What are the Essential Elements of a FLIP-CRUT?

San Francisco, CA – Fairly recently, I was working with a client to develop a Charitable Remainder Trust in to which he would be able to contribute his $3.2 million real property.

In our discussion, my Client communicated his desire to not sell the investment property inside the Charitable Remainder Trust until the second or third year year after donation.

So, I asked him: “Have you ever thought about a FLIP-CRUT?”.

To which he replied: “What is a FLIP-CRUT?”.

To which I said: “It’s an unique variety of Charitable Remainder Trust, which allows you to defer the annual income distribution until after your real estate sells.”.

This is the way it works.

Usually, a Charitable Remainder Trust is required to pay out either a fixed percent (unitrust) or fixed pecuniary amount (annuity) to the Income Recipient, no less frequently than annually.

What happens if the Trust doesn’t have sufficient assets that are capable of generating the required amount each year?

The solution is to start with a Net Income Charitable Remainder Trust, which contains language permitting it to switch over (or FLIP) into a Standard Charitable Remainder Trust on a specified event in the future.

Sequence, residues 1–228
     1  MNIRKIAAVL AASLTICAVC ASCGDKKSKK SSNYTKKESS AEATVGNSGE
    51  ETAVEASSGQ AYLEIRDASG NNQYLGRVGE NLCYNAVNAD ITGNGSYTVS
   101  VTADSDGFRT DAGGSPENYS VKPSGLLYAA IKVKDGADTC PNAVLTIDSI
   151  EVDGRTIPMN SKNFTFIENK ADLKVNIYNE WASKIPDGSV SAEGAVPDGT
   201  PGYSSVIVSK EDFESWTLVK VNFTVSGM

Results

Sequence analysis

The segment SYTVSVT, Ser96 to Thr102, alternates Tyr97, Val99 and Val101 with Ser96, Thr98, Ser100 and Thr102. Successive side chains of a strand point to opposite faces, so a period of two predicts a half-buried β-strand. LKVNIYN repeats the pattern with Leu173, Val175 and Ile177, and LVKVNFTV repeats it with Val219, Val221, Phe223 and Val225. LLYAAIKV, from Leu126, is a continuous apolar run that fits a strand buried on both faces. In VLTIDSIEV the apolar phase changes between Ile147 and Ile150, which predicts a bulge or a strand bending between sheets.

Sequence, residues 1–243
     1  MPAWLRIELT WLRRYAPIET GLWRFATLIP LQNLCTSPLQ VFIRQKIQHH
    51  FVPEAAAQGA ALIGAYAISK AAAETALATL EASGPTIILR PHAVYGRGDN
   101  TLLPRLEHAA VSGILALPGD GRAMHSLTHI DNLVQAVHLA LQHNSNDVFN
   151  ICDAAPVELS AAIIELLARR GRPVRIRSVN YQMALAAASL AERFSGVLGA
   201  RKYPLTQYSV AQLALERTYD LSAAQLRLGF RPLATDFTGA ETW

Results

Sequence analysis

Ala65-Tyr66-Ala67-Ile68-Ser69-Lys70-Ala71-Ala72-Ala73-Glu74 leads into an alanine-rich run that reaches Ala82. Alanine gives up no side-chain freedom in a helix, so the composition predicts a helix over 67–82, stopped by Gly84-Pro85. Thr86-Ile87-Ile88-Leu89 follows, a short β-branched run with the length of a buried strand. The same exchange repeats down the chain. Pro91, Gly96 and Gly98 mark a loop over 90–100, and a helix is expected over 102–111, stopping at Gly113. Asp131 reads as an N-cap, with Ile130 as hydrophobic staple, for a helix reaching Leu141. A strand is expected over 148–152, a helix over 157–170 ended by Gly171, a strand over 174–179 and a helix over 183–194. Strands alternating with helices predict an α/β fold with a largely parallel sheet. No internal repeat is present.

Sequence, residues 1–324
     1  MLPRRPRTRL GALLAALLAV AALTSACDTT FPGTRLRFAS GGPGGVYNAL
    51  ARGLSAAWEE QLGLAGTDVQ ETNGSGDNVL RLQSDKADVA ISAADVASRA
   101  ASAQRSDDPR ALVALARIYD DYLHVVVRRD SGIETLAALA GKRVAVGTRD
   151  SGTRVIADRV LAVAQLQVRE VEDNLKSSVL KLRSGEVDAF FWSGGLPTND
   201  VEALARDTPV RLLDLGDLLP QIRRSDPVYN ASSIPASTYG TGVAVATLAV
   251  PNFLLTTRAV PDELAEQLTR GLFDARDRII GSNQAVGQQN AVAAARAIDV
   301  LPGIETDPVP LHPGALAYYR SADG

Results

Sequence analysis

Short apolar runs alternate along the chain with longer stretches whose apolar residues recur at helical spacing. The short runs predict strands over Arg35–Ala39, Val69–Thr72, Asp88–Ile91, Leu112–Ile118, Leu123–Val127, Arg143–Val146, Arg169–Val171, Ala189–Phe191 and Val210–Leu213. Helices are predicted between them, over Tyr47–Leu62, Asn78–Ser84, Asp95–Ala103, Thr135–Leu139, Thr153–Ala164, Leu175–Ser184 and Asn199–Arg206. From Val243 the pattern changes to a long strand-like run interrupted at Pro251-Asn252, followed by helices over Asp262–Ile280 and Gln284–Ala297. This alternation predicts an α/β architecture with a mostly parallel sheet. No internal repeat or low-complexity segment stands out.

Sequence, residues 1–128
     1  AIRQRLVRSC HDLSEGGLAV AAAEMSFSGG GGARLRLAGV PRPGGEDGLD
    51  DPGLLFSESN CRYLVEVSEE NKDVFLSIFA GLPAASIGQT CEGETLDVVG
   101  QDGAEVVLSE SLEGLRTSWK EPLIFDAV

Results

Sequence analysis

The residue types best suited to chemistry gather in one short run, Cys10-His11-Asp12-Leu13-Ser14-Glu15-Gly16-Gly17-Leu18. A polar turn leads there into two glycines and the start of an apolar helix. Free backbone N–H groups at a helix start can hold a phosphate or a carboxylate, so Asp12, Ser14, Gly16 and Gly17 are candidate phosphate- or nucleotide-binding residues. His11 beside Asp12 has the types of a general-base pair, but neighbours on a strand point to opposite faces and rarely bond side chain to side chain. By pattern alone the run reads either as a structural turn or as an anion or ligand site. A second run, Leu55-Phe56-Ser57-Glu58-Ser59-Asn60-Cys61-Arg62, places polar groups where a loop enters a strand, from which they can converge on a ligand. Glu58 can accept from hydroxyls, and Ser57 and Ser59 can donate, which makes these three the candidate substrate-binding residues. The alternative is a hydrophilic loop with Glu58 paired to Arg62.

During the initial period, the CRT pays out the lesser of Net Income or the Unitrust amount. If there is no Net Income, then the amount paid out during that period will be zero.

Upon the occurrence of a “Triggering Event”, the Trust then converts to a Standard CRT, and pays out the originally defined percentage.

In this particular client’s example, he contributed a $3.2 million piece of investment property, into an 8 %, 12 year FLIP-CRT.

During the initial period, before the sale of the real property, the net income would be zero.

The CRT begins its annual 8 % unitrust payout to the Client upon the occurrence of the Triggering Event – in this instance the selling of the real property.

There are a couple of critical rules to the use of a FLIP-CRUT:

(1) The “triggering event” may not be something that is “under the control” of the Donor. Oddly enough, , the sale of real property is not deemed being “under the control” of the Donor.

(2) The Grantor may also be the Trustee of the Charitable Remainder Trust (CRT) in some cases. An outside Special Independent Trustee is required to manage the transactions if hard to value assets are donated – such as real property, partnership interests … pretty much anything apart from cash or publicly traded securities .

CONCLUSION: The FLIP-CRUT is a great instrument when you wish to donate
Unmarketable Assets – or those that do not immediately produce income – to a Charitable Remainder Trust. You will still enjoy the substantial tax benefits of a Charitable Remainder Trust, while not being forced to distribute Income until it is available.

Contact a Charitable Giving Lawyer with Ainer and Fraker 800-775-7612 right now to learn how you can profit from the powerful tax benefits of a FLIP-CRUT.